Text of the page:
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ON THE

PROMOTION OF EDWARD THURLOW, ESQ.

TO THE LORD HIGH CHANCELLORSHIP OF ENGLAND.

Round Thurlow's head in early youth,

And in his sportive days,
Fair Science pour'd the light of truth,
And Genius shed his

rays.

See! with united wonder cried

The experienced and the sage,
Ambition in a boy supplied

With all the skill of age !

Discernment, eloquence, and grace,

Proclaim him born to sway
The balance in the highest place,

And bear the palm away.

The praise bestow'd was just and wise ;

He sprang impetuous forth,
Secure of conquest, where the prize

Attends superior worth.

So the best courser on the plain

Ere yet he starts is known,
And does but at the goal obtain

What all had deem'd his own.

ODE TO PEACE.

Come, peace of mind, delightful guest! Return, and make thy downy nest

Once more in this sad heart: Nor riches I nor power pursue, Nor hold forbidden joys in view ;

We therefore need not part.

Where wilt thou dwell, if not with me,
From avarice and ambition free,

And pleasure's fatal wiles ?
For whom, alas ! dost thou prepare
The sweets that I was wont to share,

The banquet of thy smiles ?

The great, the gay, shall they partake The heaven that thou alone canst make ?

And wilt thou quit the stream
That murmurs through the dewy mead,
The grove and the sequester'd shed,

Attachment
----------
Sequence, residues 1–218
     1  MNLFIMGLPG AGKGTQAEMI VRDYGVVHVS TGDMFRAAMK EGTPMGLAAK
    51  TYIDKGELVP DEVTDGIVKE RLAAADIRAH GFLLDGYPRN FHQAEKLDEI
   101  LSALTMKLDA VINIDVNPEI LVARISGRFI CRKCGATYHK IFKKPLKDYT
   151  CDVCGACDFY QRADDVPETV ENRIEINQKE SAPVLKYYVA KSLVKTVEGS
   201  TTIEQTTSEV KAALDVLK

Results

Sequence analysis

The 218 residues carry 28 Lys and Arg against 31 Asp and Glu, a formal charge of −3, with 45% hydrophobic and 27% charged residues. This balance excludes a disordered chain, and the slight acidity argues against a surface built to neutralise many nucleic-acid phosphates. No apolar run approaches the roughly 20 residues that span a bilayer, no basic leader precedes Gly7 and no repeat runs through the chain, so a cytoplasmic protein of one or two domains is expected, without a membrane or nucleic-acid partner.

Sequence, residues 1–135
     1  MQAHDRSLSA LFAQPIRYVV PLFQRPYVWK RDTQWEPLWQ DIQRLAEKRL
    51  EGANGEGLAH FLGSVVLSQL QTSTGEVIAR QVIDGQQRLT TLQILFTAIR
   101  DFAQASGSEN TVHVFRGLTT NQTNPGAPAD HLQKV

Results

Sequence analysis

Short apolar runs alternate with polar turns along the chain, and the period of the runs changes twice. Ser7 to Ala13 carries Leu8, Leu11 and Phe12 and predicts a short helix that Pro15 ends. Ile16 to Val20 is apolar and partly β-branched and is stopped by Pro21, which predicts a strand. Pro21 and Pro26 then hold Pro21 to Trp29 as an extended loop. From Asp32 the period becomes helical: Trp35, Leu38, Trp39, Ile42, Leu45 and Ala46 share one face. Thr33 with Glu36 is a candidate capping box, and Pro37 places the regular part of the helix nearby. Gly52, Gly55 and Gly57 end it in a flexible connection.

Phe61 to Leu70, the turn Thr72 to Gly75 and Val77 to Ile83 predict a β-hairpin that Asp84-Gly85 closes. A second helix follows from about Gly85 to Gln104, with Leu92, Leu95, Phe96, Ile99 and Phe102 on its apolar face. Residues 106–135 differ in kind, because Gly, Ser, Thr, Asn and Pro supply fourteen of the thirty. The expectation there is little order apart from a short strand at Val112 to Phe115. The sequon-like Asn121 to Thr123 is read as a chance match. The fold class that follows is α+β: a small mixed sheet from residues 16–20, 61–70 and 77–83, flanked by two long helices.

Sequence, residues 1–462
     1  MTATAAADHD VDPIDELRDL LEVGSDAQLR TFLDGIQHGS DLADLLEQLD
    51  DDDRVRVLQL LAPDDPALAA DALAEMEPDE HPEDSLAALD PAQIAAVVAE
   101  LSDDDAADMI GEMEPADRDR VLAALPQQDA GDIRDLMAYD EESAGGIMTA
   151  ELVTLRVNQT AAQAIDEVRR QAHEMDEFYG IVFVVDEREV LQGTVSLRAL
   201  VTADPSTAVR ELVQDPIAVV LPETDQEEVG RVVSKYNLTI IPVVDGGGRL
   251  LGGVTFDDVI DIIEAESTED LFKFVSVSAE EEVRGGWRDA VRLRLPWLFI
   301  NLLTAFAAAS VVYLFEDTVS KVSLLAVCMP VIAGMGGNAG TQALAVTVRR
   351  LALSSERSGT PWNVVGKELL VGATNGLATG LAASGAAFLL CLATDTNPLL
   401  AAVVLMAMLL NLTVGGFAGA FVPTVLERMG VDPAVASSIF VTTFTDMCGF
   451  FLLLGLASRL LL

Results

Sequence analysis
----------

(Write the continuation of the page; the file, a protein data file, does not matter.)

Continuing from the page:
To be a guest with them?
For thee I panted, thee I prized,
For thee I gladly sacrificed

Whate'er I loved before ;
And shall I see thee start away,
And helpless, hopeless, hear thee say -

Farewell! we meet no more?

HUMAN FRAILTY.

WEAK and irresolute is man ;

The purpose of to-day, Woven with pains into his plan,

To-morrow rends away.
The bow well bent, and smart the spring,

Vice seems already slain;
But Passion rudely snaps the string,

And it revives again.

Some foe to his upright intent

Finds out his weaker part;
Virtue
engages

his assent,
But Pleasure wins his heart.

'Tis here the folly of the wise

Through all his art we view; And, while his tongue the charge denies,

His conscience owns it true.

Bound on a voyage of awful length

And dangers little known,
A stranger to superior strength,

Man vainly trusts his own.
But oars alone can ne'er prevail

To reach the distant coast; The breath of Heaven must swell the sail,

Or all the toil is lost.

THE MODERN PATRIOT.

REBELLION is my theme all day;

I only wish 'twould come (As who knows but perhaps it may ?)

A little nearer home.

Yon roaring boys, who rave and fight

On t'other side the Atlantic, I always held them in the right,

But most so when most frantic.

When lawless mobs insult the court,

That man shall be my toast,
If breaking windows be the sport,

Who bravely breaks the most.
But O! for him my fancy culls

The choicest flowers she bears,
Who constitutionally pulls
Your house about

your

ears.

Such civil broils are my delight,

Though some folks can't endure them, Who say the mob are mad outright,

And that a rope must cure them.

A rope ! I wish we patriots had

Such strings for all who need 'emWhat! hang a man for going mad !

Then farewell British freedom.

ON THE

BURNING OF LORD MANSFIELD'S LIBRARY,

TOGETHER WITH HIS MSS. BY THE MOB, IN THE MONTH 07

JUNE, 1780.

So then the Vandals of our isle,

Sworn foes to sense and law,
Have burnt to dust a nobler pile

Than ever Roman saw !

And Murray sighs o'er Pope and Swift,
And

many a treasure more,
The well-judged purchase, and the gift

That graced his letter'd store.

Their pages mangled, burnt, and torn,

The loss was his alone ;
But ages yet to come shall mourn

The burning of his own.

ON THE SAME.

WHEN wit and genius meet their doom

In all devouring flame,
They tell us of the fate of Rome,

And bid us fear the same.

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